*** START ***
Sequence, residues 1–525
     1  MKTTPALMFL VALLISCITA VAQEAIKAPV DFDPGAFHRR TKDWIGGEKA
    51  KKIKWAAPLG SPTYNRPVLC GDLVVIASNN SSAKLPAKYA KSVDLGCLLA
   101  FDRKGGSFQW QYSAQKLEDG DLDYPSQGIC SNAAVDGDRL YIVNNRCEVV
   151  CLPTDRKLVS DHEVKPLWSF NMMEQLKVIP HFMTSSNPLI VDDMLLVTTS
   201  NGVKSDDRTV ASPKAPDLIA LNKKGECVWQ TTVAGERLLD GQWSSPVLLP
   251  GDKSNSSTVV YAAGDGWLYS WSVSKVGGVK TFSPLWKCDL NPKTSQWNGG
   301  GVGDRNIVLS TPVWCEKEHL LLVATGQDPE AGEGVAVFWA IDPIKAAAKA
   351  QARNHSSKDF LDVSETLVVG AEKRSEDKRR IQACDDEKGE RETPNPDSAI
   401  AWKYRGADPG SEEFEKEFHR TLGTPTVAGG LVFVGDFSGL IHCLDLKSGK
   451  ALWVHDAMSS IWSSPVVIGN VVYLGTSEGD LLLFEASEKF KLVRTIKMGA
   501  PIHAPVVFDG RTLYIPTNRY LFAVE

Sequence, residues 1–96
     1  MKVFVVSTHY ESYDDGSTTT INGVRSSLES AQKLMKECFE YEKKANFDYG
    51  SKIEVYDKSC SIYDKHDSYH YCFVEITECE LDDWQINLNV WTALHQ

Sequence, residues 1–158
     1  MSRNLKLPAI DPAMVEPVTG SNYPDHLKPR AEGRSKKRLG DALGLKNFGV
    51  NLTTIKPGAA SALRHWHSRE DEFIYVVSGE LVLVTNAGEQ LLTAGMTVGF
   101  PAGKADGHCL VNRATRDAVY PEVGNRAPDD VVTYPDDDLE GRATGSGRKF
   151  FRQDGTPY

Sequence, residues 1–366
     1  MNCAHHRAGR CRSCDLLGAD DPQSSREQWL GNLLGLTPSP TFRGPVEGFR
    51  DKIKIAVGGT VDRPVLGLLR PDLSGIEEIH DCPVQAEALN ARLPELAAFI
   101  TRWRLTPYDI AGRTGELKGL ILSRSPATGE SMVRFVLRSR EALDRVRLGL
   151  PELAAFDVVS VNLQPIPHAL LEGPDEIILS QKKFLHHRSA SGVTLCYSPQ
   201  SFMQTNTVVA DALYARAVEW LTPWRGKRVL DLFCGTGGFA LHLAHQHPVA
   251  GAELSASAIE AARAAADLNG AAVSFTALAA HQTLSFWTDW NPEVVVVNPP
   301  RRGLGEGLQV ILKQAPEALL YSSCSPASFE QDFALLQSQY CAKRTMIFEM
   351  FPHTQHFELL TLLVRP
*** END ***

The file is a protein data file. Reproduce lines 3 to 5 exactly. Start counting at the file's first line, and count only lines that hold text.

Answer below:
    51  KKIKWAAPLG SPTYNRPVLC GDLVVIASNN SSAKLPAKYA KSVDLGCLLA
   101  FDRKGGSFQW QYSAQKLEDG DLDYPSQGIC SNAAVDGDRL YIVNNRCEVV
   151  CLPTDRKLVS DHEVKPLWSF NMMEQLKVIP HFMTSSNPLI VDDMLLVTTS